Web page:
- No duh. Researchers found that acupuncture and Traditional Chinese Medicine treatments that were customized to individuals were more effective than “cookbook-style” one-treatment-fits-all acupuncture treatments to boost fertility. Boosting fertility with “whole systems” TCM
This isn’t exactly news about health in 2015, but my favourite article of the year was in the Journal of Chinese Medicine–a funny bit reviewing a negative opinion piece published about acupuncture research in Headache journal: Getting High on Acupuncture Research
If you only read one link, read that one. Sad that the original article maligning acupuncture as an effective therapy for migraines was so misinformed, poorly researched, and published in a supposedly respected “scientific” journal.
Looking forward to seeing what 2016 will bring in the news on health.
What are the health and wellness things you remember most for 2015, either in the media or in your personal life?
Healthy Habits Instead of New Year’s Resolutions
I find that there’s an aversion to the idea of New Year’s resolutions. It seems that the thought of failure is linked with resolutions like peanut butter is to jam or like healthy eating is to bland foods. Of course, sometimes those things are linked. But sometimes they aren’t. I prefer almond butter with jam. And of course I know and enjoy lots of healthy foods that are delicious too!
What I prefer to think of, however, are long term healthy habits. A habit is something you do without having to think much about it–“something that a person does in a regular and repeated way.” And, because of that, bad habits are hard to kick. But good, healthy habits can also be hard to kick, making us more successful at achieving our goals.
Have you tried something before without success? Why not try again, maybe with a slightly different approach.
Try Something Different
Every January, I get a bit restless. Throughout the year I intersperse hiking, cycling, snow shoeing, and SUP yoga into my routine. But I often feel like “kicking it up a notch” when the year’s number changes. In other Januaries I tried Crossfit, training for Tough Mudder, bootcamps, and return to step classes (my old fave). I liked some things about those activities, but I always feel a pull to return to my yoga practice.
This year I decided to see if any new healthy habits for exercise would stick. First I tried working with a trainer one-on-one. On the first workout she. Kicked. My. Butt. Can’t say I liked it. But the 2nd and 3rd sessions I felt stronger. It’s good to have someone help you evaluate what you’re doing, and I’ve recognized some areas of weaknesses that I can continue to build up.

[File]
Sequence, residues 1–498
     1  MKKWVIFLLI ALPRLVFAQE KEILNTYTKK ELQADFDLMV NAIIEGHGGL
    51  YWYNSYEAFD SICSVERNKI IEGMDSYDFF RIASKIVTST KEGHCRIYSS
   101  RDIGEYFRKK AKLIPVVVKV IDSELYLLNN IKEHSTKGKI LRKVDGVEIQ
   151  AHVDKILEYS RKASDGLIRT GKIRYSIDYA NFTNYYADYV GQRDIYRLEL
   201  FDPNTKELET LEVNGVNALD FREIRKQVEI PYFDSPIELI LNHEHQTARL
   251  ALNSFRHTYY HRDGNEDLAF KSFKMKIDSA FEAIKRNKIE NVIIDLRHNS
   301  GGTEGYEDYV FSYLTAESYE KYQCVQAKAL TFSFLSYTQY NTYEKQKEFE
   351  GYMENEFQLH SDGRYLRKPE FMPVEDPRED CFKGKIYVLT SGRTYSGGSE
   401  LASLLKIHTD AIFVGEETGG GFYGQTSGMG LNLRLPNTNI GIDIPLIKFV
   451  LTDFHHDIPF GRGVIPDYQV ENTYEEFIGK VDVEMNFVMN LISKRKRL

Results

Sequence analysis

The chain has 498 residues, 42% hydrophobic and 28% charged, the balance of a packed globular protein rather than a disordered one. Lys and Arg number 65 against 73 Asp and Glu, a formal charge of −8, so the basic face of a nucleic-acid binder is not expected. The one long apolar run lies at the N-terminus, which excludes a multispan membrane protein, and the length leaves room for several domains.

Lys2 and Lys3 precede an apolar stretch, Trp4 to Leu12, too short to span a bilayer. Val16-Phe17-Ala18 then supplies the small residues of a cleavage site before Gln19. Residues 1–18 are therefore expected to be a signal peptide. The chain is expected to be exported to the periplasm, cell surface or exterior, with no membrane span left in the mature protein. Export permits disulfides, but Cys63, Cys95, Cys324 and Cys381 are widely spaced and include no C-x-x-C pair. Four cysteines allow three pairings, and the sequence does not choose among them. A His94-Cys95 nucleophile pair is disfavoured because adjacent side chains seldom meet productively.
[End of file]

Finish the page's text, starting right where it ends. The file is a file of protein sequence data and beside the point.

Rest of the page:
The other thing I tried was a Moksha hot yoga class. I’ve tried Moksha before, as well as Bikram’s. I didn’t much like them then, but I thought I’d try it again. Nope. Too hot. Too stuffy in the room. Too hard to breathe, as a result. But the first 15 minutes (I went early) of lying in the heated room did loosen up my muscles from the trainer’s workout.
Though I likely won’t continue with these two particular healthy habits for 2016, it was well worth giving them another shot. For one, I re-iterated in my mind that I really like my usual form of fitness (body and mind) through yoga. I was restless. I am at peace again.
For another, it’s good to challenge oneself. Not that yoga doesn’t challenge me. It does. But doing something different brings another kind of challenge.
Tweak What You’ve Tried in the Past
And, here’s the last reason why trying something again can be beneficial. Maybe this time it works.
My friend was advised to do a nasal saline rinse. He told me that he had a horrible experience with that in the past. He had used a neti pot to pour water into one nostril. It didn’t come out the other nostril. It stayed stuck somewhere in his sinuses, he told me, leaving him with a horrendous headache. I suggested he try a “nasal irrigator” called Nasaline–what looks like a big syringe with a silicone tip at the end. Because the device allows you to push the fluid in a manner you control, instead of relying on gravity, I find it is stronger in its effect.
It worked! Had he avoided trying it again–same basic premise with a different approach–because of a past bad experience, he never would benefited from this easy solution.
What Healthy Habits Can You Try Anew?
Maybe you go to the gym, do yoga, eat lots of veggies, meditate, go for a daily walk, or come in for acupuncture and Traditional Chinese Medicine tune-ups regularly (you should, you know). Or maybe you just make sure to brush your teeth after meals. Regardless, pat yourself on the back because you have some healthy habits you have maintained.
Now, are there some areas that could be improved upon?
If you are having trouble finding ways to make your healthy habits stick, ask me. I may know a technique, a person, a device, a simple tweak that will work better for you.